The Nojoli wind farm, in the Eastern Cape, has been completed and connected to the grid by multinational renewable-energy corporation Enel’s subsidiary Enel Green Power RSA (EGP RSA).
Nojoli is Enel’s first wind farm to start production in South Africa and it has a total installed capacity of 88 MW and will be able to generate more than 275 GWh yearly, equivalent to the yearly consumption needs of around 86 000 South African households, therefore, avoiding the emission of more than 251 000 tonnes of carbon dioxide into the atmosphere each year.
“The completion of Nojoli demonstrates our continued commitment to the South African Renewable Energy Independent Power Producer Procurement Programme (REIPPPP). Successfully reaching full capacity at our first wind farm in South Africa also represents the expansion of our capability in the country for both solar photovoltaic (PV) and wind projects. These two technologies will deliver clean energy to South Africans within a short space of time to production and favourable cost competitiveness globally, compared with all other new power generation sources,” says Enel’s South Africa country manager Bill Price.
He explains that the Nojoli wind farm is supported by a 20-year power purchase agreement with State-owned power utility Eskom, which EGP RSA was awarded in October 2013 following the third round of the REIPPPP tender promoted by government.
In South Africa, EGP RSA currently owns and operates three PV power plants – Paleisheuwel, which produces 82.5 MW, in the Western Cape; Tom Burke, which produces 66 MW, in Limpopo; and Upington, which produces 10 MW, in the Northern Cape.
He points out that EGP RSA has nearly 1 GW of projects currently in execution, of which 276 MW is still under construction. The Adams and Pulida PV plants, both capable of producing 82.5 MW, are under construction, along with the 111 MW Gibson Bay wind farm.
Last month, Engineering News reported that South African Reserve Bank (SARB) governor Lesetja Kganyago lamented the recent ongoing uncertainty around South Africa’s REIPPPP, which he heralded as the type of “no-brainer” structural reform that should be continued and expanded.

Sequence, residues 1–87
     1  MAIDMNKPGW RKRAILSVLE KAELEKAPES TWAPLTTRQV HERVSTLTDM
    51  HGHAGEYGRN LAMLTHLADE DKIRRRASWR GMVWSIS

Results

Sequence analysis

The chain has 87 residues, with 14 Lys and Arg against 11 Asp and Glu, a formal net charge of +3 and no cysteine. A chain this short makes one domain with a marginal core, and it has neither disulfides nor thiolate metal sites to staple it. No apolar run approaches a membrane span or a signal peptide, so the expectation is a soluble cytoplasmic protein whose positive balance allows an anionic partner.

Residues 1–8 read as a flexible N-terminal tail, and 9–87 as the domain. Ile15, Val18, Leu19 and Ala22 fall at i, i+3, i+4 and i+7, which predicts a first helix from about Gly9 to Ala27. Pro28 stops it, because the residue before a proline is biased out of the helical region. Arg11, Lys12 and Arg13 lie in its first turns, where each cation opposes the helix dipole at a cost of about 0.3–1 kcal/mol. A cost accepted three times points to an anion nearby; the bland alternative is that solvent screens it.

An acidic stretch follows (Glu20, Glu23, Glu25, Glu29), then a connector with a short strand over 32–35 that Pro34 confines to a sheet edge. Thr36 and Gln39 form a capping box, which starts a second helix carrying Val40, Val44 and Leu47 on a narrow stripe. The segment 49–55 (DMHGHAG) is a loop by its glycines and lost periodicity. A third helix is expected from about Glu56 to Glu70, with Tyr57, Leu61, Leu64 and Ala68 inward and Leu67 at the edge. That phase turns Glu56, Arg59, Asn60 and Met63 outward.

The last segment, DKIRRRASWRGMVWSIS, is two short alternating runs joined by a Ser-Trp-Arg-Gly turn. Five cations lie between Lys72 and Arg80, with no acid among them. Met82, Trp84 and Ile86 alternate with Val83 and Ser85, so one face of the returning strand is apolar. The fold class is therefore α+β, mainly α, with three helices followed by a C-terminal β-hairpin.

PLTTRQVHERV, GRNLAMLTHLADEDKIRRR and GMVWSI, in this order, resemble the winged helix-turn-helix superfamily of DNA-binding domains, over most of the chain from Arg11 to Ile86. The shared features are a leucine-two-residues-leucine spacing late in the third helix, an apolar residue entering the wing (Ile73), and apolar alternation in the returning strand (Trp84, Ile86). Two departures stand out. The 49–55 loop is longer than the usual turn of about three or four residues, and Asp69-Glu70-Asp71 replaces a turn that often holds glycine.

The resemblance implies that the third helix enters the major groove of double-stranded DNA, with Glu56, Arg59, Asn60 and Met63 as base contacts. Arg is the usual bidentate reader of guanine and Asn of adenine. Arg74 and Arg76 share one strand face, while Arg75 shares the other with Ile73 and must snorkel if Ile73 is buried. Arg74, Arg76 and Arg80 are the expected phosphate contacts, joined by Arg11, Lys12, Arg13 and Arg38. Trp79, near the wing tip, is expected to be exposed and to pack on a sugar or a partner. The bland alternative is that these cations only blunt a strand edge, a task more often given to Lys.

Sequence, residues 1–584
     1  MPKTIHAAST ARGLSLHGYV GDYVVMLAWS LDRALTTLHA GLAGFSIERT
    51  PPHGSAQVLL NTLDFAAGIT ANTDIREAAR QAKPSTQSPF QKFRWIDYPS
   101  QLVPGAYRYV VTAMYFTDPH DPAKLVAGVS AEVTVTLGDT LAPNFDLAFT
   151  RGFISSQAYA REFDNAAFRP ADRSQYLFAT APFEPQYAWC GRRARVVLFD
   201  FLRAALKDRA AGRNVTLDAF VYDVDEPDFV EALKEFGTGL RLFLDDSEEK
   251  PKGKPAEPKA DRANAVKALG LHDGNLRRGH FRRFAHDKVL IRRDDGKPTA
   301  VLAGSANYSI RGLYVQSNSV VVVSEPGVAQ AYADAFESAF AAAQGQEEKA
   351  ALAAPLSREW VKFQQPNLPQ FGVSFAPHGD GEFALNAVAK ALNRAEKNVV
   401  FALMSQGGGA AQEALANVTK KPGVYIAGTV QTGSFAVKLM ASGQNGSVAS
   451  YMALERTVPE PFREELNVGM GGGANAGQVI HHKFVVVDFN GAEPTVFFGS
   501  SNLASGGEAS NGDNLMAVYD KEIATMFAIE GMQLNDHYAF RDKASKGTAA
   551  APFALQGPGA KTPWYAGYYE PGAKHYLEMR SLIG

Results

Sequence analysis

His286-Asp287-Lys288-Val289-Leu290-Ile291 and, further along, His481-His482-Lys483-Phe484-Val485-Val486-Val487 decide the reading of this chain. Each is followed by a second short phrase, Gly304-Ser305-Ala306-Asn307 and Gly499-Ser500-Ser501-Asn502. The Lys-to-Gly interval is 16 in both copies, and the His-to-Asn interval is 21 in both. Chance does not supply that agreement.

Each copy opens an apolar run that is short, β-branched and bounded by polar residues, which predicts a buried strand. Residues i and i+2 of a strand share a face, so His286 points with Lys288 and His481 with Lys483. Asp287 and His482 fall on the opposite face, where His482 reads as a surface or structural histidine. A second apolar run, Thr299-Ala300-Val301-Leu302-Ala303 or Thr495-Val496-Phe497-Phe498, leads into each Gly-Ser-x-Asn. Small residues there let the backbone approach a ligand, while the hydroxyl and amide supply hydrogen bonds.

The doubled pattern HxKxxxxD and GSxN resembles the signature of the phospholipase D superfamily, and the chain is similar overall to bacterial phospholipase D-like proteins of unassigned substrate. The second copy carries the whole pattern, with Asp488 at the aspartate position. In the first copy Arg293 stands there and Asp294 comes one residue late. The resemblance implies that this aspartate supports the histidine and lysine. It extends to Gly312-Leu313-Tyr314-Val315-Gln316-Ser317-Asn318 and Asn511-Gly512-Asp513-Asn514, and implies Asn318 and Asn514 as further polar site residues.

Speaking at a briefing in Johannesburg, Kganyago noted that the REIPPPP, which had facilitated nearly R200-billion in private investment, was held in high regard globally.
The impasse has not yet lifted, despite the recently released draft of the Integrated Resource Plan (IRP) stating that all renewables projects that are in Bid Window 4.5, expedited, smalls as well as the 900 MW of baseload coal, are considered committed and will be included in the finalised IRP update base case.
Kganyago, who was the director-general at the National Treasury when the REIPPPP was conceived, said the decision to include independent power producers in South Africa’s electricity mix was a result of conscious structural reform undertaken by government to deal with electricity shortages, which were constraining growth.
He argued that the National Development Plan (NDP) contained many other similar reforms that could help raise South Africa’s growth potential. However, these required “bold decisions” from the political class.
“The truth of the matter is that the NDP spells out a structural reform programme. But because those things are painful to do, we would rather talk of the NDP as a living document that must continuously be adjusted,” he added.
The SARB stated last month that the domestic economic growth outlook remained subdued, despite the low point of the cycle having passed. The bank’s forecast is for growth of only 0.4% for 2016, rising to 1.2% and 1.6% in the subsequent two years.
SARB economic research and statistics department head Dr Rashad Cassim argues that the current focus on structural reforms is not unique to South Africa, with many countries assessing supply interventions in light of the constraints on demand stimulus programmes, which had, in many instances, reached their limits.
These reforms ranged from improved governance of public entities to ensure that such institutions were offering support rather than undermining private investment through to labour market reforms that could improve prospects for small and microenterprises.
“There is no magic bullet. There has to be a very serious discussion on what the factors are that will contribute to the increase in capital, the absorption of labour and rising productivity. Then you can talk about 4% to 5% growth potential,” says Cassim.
He believes that the reason people are currently focusing on supply-side reforms is largely because there is a view that the world economy will probably move sideways at 3% for several years.
“It’s going to be hard to ride on world economic growth. Something else has to be done,” Cassim concludes.